Supervisors seek meeting with OCH trustees

By: 
James Carskadon
Staff Writer

The Oktibbeha County Board of Supervisors said Monday it wants to schedule a meeting with the OCH Regional Medical Center Board of Trustees to discuss a possible strategic options assessment.
An independent strategic options assessment is legally required for the Board of Supervisors to be able to sell or lease the county-owned hospital.
Although both boards are public entities, at least two supervisors have expressed support for the discussions between the two boards to be held in a closed session.
Board President and District 2 Supervisor Orlando Trainer, who said he met with North Mississippi Medical Center CEO Shane Spees on March 21, started the hospital conversation during Monday’s supervisors meeting.
“Mr. Spees informed me that they are in the process of wanting to expand their footprint and do some real significant things in Oktibbeha County,” Trainer said.
North Mississippi Medical Center, a privately owned organization, operates several facilities in North Mississippi, including its flagship hospital in Tupelo.
Trainer initially proposed the supervisors draft a resolution asking the hospital trustees to support the possibility of conducting a hospital assessment. Before the resolution could be voted on, District 3 Supervisor Marvell Howard instead suggested the two boards schedule a meeting and invite OCH CEO Richard Hilton and possibly Spees. Howard’s idea was met with approval from other supervisors.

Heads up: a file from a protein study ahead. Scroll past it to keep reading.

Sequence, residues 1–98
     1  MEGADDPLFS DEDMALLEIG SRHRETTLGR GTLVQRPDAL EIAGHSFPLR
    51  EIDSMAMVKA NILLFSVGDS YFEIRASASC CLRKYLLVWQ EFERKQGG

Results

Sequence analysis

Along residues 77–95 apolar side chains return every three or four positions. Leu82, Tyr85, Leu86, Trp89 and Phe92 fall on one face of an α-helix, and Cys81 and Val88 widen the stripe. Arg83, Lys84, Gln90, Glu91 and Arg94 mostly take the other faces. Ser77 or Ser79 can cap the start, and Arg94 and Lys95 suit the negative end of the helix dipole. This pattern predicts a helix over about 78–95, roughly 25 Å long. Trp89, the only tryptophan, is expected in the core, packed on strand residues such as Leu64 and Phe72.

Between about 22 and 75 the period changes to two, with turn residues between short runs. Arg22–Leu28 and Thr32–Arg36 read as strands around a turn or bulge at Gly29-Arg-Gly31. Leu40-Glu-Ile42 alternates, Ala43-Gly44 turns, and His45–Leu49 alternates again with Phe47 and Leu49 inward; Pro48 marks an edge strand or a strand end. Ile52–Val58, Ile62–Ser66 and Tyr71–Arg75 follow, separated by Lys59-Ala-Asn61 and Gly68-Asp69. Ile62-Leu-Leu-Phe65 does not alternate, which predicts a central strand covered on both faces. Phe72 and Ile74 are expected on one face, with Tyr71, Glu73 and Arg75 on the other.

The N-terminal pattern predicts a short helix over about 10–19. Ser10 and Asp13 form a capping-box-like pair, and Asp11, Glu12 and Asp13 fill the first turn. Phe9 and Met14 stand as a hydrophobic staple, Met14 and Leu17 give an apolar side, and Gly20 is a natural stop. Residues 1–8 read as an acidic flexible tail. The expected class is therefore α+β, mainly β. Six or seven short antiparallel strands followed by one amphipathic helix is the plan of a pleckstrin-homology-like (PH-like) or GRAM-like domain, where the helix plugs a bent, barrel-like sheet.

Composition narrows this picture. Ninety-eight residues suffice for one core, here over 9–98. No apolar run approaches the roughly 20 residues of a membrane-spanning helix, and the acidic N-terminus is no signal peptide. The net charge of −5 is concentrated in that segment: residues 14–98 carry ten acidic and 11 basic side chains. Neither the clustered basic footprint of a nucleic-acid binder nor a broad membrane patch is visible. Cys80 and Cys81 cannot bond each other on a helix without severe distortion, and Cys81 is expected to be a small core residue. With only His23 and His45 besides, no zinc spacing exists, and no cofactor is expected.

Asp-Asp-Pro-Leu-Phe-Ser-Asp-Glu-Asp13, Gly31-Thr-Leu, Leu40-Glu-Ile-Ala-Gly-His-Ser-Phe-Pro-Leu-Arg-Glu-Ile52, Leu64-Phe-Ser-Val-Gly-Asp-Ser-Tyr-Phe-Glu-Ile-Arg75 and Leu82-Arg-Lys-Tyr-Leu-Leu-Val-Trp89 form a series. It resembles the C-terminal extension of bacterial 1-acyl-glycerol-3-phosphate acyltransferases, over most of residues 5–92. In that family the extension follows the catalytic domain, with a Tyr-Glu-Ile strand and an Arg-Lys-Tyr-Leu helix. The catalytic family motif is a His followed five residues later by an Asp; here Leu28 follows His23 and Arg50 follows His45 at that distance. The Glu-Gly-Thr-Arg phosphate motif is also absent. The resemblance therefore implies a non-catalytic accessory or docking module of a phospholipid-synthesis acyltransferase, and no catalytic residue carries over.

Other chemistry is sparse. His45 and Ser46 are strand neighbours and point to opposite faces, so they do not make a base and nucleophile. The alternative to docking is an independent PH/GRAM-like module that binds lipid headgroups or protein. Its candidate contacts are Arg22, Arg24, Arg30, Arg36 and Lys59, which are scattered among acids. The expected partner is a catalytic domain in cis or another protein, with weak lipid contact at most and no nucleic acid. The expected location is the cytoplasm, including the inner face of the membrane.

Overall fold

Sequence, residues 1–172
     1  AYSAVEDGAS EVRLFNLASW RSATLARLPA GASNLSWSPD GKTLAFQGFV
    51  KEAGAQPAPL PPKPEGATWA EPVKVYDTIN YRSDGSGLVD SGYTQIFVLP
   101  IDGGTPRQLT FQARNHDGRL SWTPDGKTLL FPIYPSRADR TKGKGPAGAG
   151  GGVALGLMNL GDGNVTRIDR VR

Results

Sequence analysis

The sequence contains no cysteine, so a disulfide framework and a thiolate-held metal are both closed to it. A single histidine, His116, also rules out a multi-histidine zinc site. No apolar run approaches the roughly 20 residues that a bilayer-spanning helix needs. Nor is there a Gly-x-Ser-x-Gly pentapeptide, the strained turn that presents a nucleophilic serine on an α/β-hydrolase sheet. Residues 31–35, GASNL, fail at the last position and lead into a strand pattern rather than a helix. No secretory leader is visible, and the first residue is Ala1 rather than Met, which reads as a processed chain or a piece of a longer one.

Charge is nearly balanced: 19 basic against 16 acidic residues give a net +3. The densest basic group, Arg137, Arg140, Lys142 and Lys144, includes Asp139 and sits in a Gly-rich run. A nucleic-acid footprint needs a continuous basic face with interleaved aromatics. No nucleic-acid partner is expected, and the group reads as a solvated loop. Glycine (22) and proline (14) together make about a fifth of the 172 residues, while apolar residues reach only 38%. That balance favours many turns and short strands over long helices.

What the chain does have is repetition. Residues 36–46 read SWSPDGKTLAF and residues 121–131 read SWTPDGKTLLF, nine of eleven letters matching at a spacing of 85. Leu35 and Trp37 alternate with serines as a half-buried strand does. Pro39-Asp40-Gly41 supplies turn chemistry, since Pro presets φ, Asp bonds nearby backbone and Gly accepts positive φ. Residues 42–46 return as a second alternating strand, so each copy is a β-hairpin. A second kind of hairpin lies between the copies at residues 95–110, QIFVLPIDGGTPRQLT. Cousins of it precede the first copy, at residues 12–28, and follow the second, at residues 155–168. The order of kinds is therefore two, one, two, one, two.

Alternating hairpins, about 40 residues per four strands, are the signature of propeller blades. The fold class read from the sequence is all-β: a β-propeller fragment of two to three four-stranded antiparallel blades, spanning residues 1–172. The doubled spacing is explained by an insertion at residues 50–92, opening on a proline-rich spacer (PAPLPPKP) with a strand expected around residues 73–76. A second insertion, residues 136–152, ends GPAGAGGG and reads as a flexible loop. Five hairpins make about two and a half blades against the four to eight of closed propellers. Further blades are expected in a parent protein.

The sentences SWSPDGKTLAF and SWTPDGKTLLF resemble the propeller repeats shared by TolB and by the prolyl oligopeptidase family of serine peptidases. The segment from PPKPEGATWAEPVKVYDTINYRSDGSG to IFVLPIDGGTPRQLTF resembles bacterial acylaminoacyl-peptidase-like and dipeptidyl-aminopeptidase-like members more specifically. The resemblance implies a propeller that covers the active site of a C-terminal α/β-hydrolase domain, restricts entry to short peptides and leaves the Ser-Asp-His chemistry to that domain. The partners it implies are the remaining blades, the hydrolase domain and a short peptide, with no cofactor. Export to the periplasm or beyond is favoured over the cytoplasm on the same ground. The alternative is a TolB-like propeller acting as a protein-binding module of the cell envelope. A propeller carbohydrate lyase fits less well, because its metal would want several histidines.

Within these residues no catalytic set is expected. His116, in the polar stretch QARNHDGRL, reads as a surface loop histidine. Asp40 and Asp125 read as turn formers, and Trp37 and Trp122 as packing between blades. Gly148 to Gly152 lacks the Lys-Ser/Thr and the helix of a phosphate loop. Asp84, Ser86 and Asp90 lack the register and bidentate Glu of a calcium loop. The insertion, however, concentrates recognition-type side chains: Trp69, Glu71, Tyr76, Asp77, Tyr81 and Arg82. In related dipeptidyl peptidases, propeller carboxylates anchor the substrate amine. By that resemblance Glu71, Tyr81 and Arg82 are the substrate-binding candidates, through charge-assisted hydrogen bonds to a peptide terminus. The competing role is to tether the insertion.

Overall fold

“I’m not advocating moving forward with an assessment,” Howard said. “What I’m saying is these two boards need to sit down at a table and have some open dialogue about the hospital in general and what they foresee going forward with hospital. Get both sides of the coin, sort of speak.”
Both Howard and District 5 Supervisor Joe Williams said they would like the discussions to take place behind closed doors. Because the two boards involved are subject to open meetings laws, the meeting itself would be required to be public. However, the boards could elect to hold the talks in executive session if the boards discuss a potential purchase, sale or lease of property.
District 4 Supervisor Bricklee Miller did not comment during the hospital discussions in the boardroom, but said afterward she felt the talks between the two boards should be transparent and not held entirely in executive session.
Williams said he did not want the meeting to get out of control like past meetings where the hospital has been discussed. Last board term, many supporters of OCH came to board meetings to express their support of keeping the hospital under county control.
“I hope this meeting will be something just between boards and board members,” Williams said.
As board president, Trainer said he is “constantly approached” by different parties regarding healthcare opportunities in the county. Howard said a meeting between the two boards was long overdue, although Trainer said he has spoken with Hilton on multiple occasions.
“(Hilton) did assure me that their position was that if the supervisors decided to do anything, he wanted to make sure the trustees played a very active role in whatever discussion is pertaining to the hospital,” Trainer said.
The Board of Supervisors appoints the members of the hospital’s Board of Trustees.
Last term, Trainer also pushed for an assessment of the hospital, although it brought strong pushback from OCH supporters. The supervisors advertised for bids for an assessment, but a vote to authorize a company to conduct the assessment failed by one vote. No citizens came to Monday’s meeting to comment on the hospital.
Miller and Trainer, and possibly other supervisors, will attend a rural healthcare summit organized by Governor Phil Bryant next Monday in Jackson.

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